Manipulate Me!

cookies 003So despite my misgivings, I bought the frogs!

And today, our first real, purchased Math Manipulative came in the mail:  a set of 108 fancy, shmancy Funtastic Frogs, from Rainbow Resource in the U.S.  I tried to find a Canadian source, but the manufacturer wasn’t all that helpful… so they came with a small customs charge that required me to dig out the emergency credit card.  Ugh.

I was leery of ordering these because, okay, they’re plastic frogs in a bucket.  Three sizes, six colours, 108 altogether… how special could they be?  Plus, we already have lots of colourful things the kids could use for sorting, counting, patterns, etc.  It’s just more STUFF, and what I don’t want is STUFF. 

Well.  Indeed, they are stuff.  But cool, cute, stuff, as it turns out.  I love them!  And I think both kids will love playing them, too.  Who doesn’t love clacky happy mathy frogs?

You get three sizes, four of each colour in the medium and large sizes, and ten of each colour in the small size.  I was surprised by the frogs’ texture, which you can’t tell from the picture… they’re hard plastic, like beads, not soft like toys.  That gives them a nice weight in your hand (they sell a balance scale separately for weighing and measuring the frogs, but it’s a little pricey); they are cool and make a nice “clacking” sound; they make a nice multi-sensory first impression.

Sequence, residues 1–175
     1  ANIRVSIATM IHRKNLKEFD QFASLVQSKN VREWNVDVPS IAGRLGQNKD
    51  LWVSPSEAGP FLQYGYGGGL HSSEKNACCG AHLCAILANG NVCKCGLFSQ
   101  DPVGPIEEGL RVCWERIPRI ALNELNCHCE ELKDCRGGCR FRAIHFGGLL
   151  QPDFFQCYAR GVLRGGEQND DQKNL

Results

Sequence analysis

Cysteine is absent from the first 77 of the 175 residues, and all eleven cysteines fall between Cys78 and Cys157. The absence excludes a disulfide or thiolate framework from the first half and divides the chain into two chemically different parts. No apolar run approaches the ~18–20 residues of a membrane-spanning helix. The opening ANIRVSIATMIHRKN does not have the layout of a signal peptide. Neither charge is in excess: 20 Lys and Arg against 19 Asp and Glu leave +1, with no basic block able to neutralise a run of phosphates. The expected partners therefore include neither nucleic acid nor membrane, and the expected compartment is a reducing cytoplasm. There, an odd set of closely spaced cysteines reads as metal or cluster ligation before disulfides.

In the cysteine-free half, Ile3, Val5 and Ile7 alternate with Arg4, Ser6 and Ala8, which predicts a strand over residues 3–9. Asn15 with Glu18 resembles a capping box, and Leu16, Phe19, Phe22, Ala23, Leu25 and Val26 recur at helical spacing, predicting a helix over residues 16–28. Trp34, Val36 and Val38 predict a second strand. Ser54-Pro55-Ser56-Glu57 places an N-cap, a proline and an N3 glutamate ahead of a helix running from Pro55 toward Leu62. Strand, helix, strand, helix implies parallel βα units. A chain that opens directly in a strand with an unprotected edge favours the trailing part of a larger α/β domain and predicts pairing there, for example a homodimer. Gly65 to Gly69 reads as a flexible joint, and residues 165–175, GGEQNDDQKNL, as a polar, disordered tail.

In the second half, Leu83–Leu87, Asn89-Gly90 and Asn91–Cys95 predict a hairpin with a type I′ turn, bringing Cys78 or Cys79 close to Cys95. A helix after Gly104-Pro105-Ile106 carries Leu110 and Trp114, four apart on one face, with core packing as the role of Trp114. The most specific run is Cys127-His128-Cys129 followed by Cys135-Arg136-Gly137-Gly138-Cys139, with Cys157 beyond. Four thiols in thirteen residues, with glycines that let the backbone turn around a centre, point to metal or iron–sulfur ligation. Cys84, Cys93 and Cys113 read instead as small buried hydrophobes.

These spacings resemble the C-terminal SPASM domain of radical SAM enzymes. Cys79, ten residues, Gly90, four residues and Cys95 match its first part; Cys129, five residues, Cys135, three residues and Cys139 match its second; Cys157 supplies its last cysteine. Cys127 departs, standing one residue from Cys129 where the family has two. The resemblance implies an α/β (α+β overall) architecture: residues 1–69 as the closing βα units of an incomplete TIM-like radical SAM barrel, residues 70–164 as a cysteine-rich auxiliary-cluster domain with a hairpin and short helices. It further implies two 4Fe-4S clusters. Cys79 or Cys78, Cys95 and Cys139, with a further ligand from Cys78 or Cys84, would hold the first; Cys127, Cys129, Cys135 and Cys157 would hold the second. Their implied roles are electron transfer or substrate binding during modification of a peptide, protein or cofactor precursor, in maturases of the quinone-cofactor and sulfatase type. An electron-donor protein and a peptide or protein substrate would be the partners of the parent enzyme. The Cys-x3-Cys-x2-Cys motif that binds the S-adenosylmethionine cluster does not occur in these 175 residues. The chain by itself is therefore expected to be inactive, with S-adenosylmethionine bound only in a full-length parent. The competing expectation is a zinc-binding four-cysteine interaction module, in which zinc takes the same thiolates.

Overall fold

I also bought the “Logs for Frogs”, which let you attach up to ten small-size frogs of any colour to make patterns or start learning tens and place-holding.  Pretty fancy stuff for a kindergartner who can barely count to one hundred, but anyway, I think they’ll be fun.  Certainly, the logs will help the kids “meet” the frogs by building “frog menorahs” over the next couple of weeks.  (eight frogs in any pattern, a blank space, and a frog for a shamash!)

The  basic 108-frog mix also comes with a couple of no-frills black laces for stringing the frogs (the hole runs from top to bottom), and also an “activity sheet” that basically tells you to have your kids sort the frogs, count the frogs, or make patterns out of the frogs.  Thank you, but I could have figured that out on my own!

Anyway.  Right now, the kids are sleeping, so after counting to make sure they were all there, I put the frogs away on a high-up shelf.  I may not get a chance to formally roll these out with them until next week, but I’m looking forward to it.

I suspect one of the main purposes of a purchased manipulative is to get the teacher/parent excited about sharing math with the kids… and in this case, I’m pumped and ready to go!


  1. Hey, do you have a scale for bread baking? Let the kids use it for manipulatives. Not quite as fun as a balance scale but it works.

    You can make your own balance scale out of something as simple as a hanger, string, and some sturdy paper plates. Hang the paper plates horizontally (with three pieces of string) from either end of the hanger. Hold the hook of the hanger on your thumb and try to balance the frogs on the plate. I hope this makes sense.

    How fun--and they'll come in handy on Pesach too! Your kids can stage their own (plastic) frog plague ;o)


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